Game Review: ‘Overboard!’ is a delightful reversal of the murder mystery

A whodunnit where youdunnit, Overboard! is a remarkably fresh, clever take on the time-worn mystery genre.
Overboard!, a whodunnit game by Inkle

I love a good murder mystery, from classic Sherlock Holmes to Knives Out’s modern sensibilities, through to the delightfully camp legal dramas of Ace Attorney. It’s an evergreen crowdpleaser of a genre, which sparks the question of how to keep the structure fresh time and time again. Surely there are only so many ways to tell a story about uncovering a killer? Visual novel Overboard! is a clever upending of the time-worn story structure, which results in a fiendishly fun role-playing experience. It’s a whodunnit where youdunnit, and are trying to convince other characters that theydunnit, and the effortlessly slick execution of what is ultimately a simple concept makes you wonder why it hadn’t been done before.

Set in the 1930s against a backdrop of decadent jazzy big band tunes and elegant outfits, Overboard! sees you play as glamorous starlet Veronica Villensey escaping financial woe with her husband, Malcolm, on a steamship bound for America. However, Veronica’s idea of recouping the couple’s riches involves pushing Malcolm off the ship and claiming his life insurance payout, leaving you scrambling to concoct a plan to get away with murder.

Overboard! follows a similar format to previous Inkle games, like the excellent 80 Days, where you progress the journey by making dialogue and action choices which in turn impact the ending. Beginning from the morning after Malcolm’s demise, you have a limited amount of time to discover what evidence you left behind, what fellow passengers might know and how you can use this information to your advantage. Working against the clock, every decision you make, from talking to other characters to moving between ship locations, progresses time forward, inching closer to the end-of-day emergency meeting where the culprit is decided. A key wrinkle to consider is that claiming Malcolm’s life insurance requires a murder charge to stick–you won’t get a cent just by convincing everyone he jumped of his own volition.

Time is one of several weapons to wield in Overboard!, as it is central to everything you do. All of the characters move to a set schedule, and you spend much of your early playthroughs determining who’s where at what time. You use this knowledge to meet with characters and hound them for information, all the while figuring out how you can find or fabricate evidence to paint someone as the perpetrator while they’re absent from a particular room. One clever early instance of this involves discovering that one of Veronica’s earrings is missing, placing her at the crime scene. If you’re quick enough, you can recover the jewellery before anyone else notices it, and then potentially plant them elsewhere to throw would-be accusers off the scent. Overboard! runs like clockwork, and as a result, makes you feel like a supreme mastermind once you internalise everyone’s routines and successfully bring a perfect plan to completion.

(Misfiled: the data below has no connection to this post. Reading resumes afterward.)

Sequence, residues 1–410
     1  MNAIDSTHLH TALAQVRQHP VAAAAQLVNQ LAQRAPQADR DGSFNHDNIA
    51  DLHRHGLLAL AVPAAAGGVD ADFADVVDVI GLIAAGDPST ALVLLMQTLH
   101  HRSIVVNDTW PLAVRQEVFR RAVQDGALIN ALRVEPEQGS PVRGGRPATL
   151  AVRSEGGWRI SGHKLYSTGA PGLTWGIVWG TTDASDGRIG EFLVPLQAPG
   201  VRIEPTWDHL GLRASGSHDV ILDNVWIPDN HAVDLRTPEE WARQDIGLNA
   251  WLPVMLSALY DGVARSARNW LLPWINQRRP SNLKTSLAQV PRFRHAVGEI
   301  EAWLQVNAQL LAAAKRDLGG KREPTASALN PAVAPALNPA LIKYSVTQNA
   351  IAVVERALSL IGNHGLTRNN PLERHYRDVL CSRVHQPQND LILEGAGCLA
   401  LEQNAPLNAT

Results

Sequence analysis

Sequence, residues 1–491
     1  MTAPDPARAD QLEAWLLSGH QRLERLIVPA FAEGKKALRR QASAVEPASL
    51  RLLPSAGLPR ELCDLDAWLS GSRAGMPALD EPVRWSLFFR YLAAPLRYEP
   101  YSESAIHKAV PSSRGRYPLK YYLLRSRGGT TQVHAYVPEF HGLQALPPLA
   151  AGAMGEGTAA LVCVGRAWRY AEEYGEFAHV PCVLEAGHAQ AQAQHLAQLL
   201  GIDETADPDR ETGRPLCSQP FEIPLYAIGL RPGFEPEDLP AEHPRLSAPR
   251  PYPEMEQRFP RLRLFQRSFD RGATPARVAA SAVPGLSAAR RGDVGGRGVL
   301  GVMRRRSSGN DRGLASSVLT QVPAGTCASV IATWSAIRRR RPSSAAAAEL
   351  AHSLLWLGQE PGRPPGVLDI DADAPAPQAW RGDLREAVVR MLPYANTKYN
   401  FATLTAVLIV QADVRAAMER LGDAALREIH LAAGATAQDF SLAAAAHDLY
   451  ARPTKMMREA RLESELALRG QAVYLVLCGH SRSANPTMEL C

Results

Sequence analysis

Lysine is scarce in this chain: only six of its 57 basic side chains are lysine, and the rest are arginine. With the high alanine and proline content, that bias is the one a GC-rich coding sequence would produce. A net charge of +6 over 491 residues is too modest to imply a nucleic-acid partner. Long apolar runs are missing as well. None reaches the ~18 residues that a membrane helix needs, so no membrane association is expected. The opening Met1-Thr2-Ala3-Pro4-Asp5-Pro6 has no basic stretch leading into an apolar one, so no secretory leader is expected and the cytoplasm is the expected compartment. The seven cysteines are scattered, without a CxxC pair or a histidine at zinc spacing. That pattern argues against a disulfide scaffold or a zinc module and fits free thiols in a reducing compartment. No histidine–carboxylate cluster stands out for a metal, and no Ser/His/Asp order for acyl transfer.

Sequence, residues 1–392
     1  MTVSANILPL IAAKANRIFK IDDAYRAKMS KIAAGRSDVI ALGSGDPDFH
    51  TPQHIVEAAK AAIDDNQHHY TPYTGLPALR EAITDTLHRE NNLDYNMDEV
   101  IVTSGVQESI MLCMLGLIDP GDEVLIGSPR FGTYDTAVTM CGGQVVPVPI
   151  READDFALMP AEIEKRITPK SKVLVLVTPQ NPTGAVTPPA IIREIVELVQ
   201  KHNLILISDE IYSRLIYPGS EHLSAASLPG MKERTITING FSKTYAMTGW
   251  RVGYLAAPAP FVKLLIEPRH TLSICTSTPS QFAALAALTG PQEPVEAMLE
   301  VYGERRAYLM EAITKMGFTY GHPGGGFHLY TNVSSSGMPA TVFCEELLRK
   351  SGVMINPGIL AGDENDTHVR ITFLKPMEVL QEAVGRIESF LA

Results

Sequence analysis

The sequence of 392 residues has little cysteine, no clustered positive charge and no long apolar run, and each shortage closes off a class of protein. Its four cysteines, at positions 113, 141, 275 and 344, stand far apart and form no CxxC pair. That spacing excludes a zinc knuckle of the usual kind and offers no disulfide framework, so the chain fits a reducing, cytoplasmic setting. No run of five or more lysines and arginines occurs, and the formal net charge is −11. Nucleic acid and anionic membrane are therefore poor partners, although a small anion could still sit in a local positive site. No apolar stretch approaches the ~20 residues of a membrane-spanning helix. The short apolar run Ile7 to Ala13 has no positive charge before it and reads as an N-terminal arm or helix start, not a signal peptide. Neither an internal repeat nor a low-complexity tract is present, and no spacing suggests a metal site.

Videogames that require multiple playthroughs to see a ‘good’ ending often carry moments of tedium due to repetition. Overboard! does away with this frustration in its brevity – sessions rarely run for longer than 15-20 minutes – and in how easily you can speed through to branching decision moments. You can fast-forward through dialogue and choices you’ve already seen, making it easy to get to moments where you want to try a different course of action or rectify a mistake from the previous playthrough. Another welcome feature is a non-invasive hint system that essentially functions as an objectives list. Sometimes Overboard!’s characters will let slip a juicy tidbit of information that can be easy to forget with so many subplots occurring at once. If you don’t happen to see a particular narrative arc to its conclusion, you receive a prompt the following run–usually in the form of a question–gently reminding you of the leads not yet investigated.

Easily Overboard!’s greatest strength is in its open structure, where there is no singular ‘correct’ path to victory. All choices feel equally important when even the most seemingly minor details are interrogated once the accusations start flying. My first successful attempt at framing another passenger for Malcolm’s murder was an open-and-shut case by my considerations, but a surprise wrinkle revealed I made a mistake somewhere. Totally sure of myself, I retraced my steps only to realise I made one minor misstep, and that fixing it would require a complete upheaval of my previous strategy. 

Overboard!’s staunch commitment to covering all your tracks feels earned, especially when each of the ship’s passengers are interesting characters in their own right. A shifty sort, the lot of them, they all harbour their own secrets, each with justifiable reasons for wanting to deceive everyone else. 

An intelligent slant on the murder mystery formula, Overboard! makes being the villain extremely satisfying thanks to its smart logic and highly replayable format with multiple compelling ways to claim dubious riches.

Four stars: ★★★★

Platforms: Nintendo Switch, PC, iOS, Android
Developer: Inkle
Publisher: Inkle
Release Date: 2nd June 2021

A copy of Overboard! was provided by the developer for the purposes of this review.


4 out of 5 stars






Chris Button is an award-nominated writer based in Adelaide, who specialises in videogames and technology. His words have appeared on Junkee, GameSpot, Byteside and plenty more. He loves all things screen-related, sport, and small fluffy animals. Chris also uses Twitter more than he probably should.